This thematic survey explores how African American authors write about what it means (and has meant) to be a Black person in the U.S. Exploring poetry, autobiography, drama, short stories, novels, essays, and films we grapple with the multifaceted experiences of “Blackness” in literary texts produced from the era of slavery to the present. Through our reading we develop an understanding of specific African American literary traditions. Diversity/Globalization/Non-western overlay. Africana Studies.

Attributes: Africana Studies Course, Diversity Course (New GEP), GEP Art/Literature, Undergraduate

ENG 329 Black Women's Literature (3 credits)

Linked by history, race, gender, and fate, but arguably little else, how do Black women writing in the U.S. write themselves into the idea of America? This course examines exclusively Black women’s literature in order to answer this question. Covering a minimum of three traditional African American literary periods, students are positioned to question notions of privilege and power driven by the intersectionalities of gender and race. Diversity/Globalization/Non-western. Africana Studies.

Attributes: American Studies Course, Diversity Course (New GEP), GEP Art/Literature, Undergraduate, Writing Intensive Course- GEP

ENG 330 Caribbean Lit in English (3 credits)

This course explores the intersectionalities of racial, ethnic, and linguistic identities within Anglophone and Francophone Caribbean literary traditions. In dialogue these literary traditions complicate a monolithic Caribbean narrative. With careful study of language, class, color, and identity we determine how authors contend with and memorialize French, British, and American imperialisms in the Caribbean. Likely authors include: Michelle Cliff, Edwidge Danticat, Merle Hodge, Thomas Glave, George Lamming, and Jamaica Kincaid. Diversity/Globalization/Non-western. Africana Studies.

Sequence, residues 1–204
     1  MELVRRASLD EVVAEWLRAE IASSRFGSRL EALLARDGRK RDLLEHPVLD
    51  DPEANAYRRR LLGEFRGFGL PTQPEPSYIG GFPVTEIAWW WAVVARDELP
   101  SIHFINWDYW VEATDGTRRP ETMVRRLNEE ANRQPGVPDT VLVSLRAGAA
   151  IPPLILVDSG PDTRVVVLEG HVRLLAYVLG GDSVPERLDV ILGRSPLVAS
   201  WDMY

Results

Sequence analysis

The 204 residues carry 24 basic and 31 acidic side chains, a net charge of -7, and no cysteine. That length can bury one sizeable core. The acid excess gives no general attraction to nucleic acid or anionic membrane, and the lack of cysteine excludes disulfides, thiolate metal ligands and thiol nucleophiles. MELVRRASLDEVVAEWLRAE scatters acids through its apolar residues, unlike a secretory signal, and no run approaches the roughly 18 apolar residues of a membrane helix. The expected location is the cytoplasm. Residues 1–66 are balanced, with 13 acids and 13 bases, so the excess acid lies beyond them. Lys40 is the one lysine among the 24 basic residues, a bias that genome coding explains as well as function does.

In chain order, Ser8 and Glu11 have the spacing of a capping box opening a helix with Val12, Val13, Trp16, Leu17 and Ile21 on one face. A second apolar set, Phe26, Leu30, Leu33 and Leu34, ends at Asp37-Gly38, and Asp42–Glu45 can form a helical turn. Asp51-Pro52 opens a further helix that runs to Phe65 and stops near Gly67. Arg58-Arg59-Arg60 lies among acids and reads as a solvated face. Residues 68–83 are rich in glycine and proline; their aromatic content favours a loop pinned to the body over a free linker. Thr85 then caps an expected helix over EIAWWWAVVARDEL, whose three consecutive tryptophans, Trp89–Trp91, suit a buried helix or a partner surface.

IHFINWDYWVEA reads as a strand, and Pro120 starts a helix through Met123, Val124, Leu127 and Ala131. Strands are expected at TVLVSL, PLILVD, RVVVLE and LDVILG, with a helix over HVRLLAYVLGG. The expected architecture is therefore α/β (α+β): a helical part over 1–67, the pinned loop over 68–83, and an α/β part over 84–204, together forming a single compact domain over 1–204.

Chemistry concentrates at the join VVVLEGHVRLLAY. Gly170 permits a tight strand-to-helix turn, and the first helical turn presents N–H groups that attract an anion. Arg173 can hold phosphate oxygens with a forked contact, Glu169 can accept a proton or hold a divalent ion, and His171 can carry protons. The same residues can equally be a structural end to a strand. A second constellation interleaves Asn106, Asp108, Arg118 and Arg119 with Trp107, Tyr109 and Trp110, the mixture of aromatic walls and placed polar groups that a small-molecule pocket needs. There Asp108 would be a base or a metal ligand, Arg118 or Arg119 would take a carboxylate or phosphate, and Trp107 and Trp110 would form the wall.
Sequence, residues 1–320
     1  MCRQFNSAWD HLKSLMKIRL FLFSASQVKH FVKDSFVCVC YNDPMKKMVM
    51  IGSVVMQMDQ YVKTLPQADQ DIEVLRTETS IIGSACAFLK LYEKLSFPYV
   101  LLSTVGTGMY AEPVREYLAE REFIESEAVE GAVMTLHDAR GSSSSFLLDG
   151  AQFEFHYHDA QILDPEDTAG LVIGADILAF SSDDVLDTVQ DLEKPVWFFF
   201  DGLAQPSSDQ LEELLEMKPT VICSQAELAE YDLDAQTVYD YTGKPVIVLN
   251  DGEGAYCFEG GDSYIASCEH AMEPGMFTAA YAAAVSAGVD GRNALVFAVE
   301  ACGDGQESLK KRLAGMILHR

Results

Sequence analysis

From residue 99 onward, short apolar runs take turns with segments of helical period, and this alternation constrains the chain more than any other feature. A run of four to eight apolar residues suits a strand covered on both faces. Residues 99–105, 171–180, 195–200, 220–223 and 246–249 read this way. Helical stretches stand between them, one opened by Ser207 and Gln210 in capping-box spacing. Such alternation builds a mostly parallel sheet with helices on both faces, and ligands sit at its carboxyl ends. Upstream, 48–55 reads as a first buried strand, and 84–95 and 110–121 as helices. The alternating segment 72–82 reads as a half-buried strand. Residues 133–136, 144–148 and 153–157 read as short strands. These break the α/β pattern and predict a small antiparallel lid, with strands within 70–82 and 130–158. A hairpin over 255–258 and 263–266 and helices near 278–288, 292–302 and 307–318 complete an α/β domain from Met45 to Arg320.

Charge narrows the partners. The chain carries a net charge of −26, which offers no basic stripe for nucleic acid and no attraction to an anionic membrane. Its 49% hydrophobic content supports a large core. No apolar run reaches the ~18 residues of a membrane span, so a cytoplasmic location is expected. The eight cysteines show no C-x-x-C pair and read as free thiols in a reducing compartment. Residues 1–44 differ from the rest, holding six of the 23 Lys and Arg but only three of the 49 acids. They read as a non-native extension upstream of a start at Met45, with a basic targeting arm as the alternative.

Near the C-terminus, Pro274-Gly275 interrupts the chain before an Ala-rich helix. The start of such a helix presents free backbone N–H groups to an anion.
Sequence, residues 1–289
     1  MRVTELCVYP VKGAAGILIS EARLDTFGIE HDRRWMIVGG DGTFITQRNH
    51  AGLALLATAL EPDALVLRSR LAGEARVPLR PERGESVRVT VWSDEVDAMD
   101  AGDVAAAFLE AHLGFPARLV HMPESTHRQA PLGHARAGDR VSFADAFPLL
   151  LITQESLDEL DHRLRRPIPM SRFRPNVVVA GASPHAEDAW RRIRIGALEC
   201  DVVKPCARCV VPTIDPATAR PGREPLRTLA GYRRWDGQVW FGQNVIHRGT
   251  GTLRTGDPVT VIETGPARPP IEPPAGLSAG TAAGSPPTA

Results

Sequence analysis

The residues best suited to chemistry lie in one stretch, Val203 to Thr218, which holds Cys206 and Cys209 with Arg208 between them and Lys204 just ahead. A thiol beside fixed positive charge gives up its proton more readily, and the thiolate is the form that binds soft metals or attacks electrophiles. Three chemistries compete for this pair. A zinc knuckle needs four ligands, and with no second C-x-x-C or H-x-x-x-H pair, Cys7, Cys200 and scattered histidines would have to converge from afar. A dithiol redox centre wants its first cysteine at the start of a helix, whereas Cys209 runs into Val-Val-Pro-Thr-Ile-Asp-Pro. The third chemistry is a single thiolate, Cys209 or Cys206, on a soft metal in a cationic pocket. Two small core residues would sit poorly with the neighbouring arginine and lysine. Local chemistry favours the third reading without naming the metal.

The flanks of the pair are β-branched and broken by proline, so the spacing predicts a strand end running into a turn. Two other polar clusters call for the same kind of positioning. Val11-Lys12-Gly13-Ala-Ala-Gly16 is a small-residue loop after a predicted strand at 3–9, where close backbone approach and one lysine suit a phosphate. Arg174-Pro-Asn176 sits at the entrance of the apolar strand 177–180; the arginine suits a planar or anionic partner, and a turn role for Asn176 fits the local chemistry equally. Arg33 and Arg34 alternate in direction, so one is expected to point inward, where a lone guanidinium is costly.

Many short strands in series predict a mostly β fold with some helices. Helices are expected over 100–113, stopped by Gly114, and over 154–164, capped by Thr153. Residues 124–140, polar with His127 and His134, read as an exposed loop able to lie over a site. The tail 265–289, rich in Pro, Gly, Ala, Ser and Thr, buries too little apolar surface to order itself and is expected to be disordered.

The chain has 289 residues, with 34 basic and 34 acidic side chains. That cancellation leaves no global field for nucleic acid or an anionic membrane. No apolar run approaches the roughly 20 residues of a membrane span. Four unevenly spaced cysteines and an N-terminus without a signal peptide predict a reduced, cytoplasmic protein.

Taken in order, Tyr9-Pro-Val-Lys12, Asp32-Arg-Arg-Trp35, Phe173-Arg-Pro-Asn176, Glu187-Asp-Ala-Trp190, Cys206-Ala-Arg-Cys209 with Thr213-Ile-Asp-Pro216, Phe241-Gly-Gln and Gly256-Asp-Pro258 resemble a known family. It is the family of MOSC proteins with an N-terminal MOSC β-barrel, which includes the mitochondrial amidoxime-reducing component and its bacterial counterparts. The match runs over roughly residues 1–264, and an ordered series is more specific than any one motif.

ENG 331 Modern Drama (3 credits)

Major English and continental dramatists of the modern period from Ibsen to the present; a survey emphasizing not only major writers but also significant changes in dramatic form.

Attributes: GEP Art/Literature, Undergraduate

ENG 332 Playwriting (3 credits)

This course offers students the experience of creating original material for stage presentation, with particular focus on the one-act play structure and concern for character, scene, and plot development.

Attributes: English Area 1 - Writing, English Theatre/Drama, GEP Art/Literature, Undergraduate

ENG 333 Read,Write,Adapt Thtre Drama (3 credits)

Examination of the diverse functions of the dramaturge developing background perspective for bringing dramatic texts to the stage, adapting various texts for stage presentation, writing interpretive notes for staged productions. Students will adapt literary texts for Reader’s Theatre performance.

Attributes: English Area 1 - Writing, English Theatre/Drama, GEP Art/Literature, Undergraduate

ENG 341 Poetry Workshop (3 credits)

Exploration of poetry by reading and writing. Each student will be responsible for creating a set of poems. Writing workshop format.

Attributes: English Area 1 - Writing, GEP Art/Literature, Undergraduate

ENG 342 Fiction Workshop (3 credits)

Exploration of fiction by reading and writing. Each student will be responsible for creating a set of stories. Writing workshop format.

Attributes: English Area 1 - Writing, Undergraduate

ENG 343 Nonfiction Workshop (3 credits)

Exploration of creative nonfiction by reading and writing, with particular focus on the form of the personal essay. Each student will be responsible for creating a set of essays. Writing workshop format.

Attributes: English Area 1 - Writing, GEP Art/Literature, Undergraduate

ENG 344 Screenwriting (3 credits)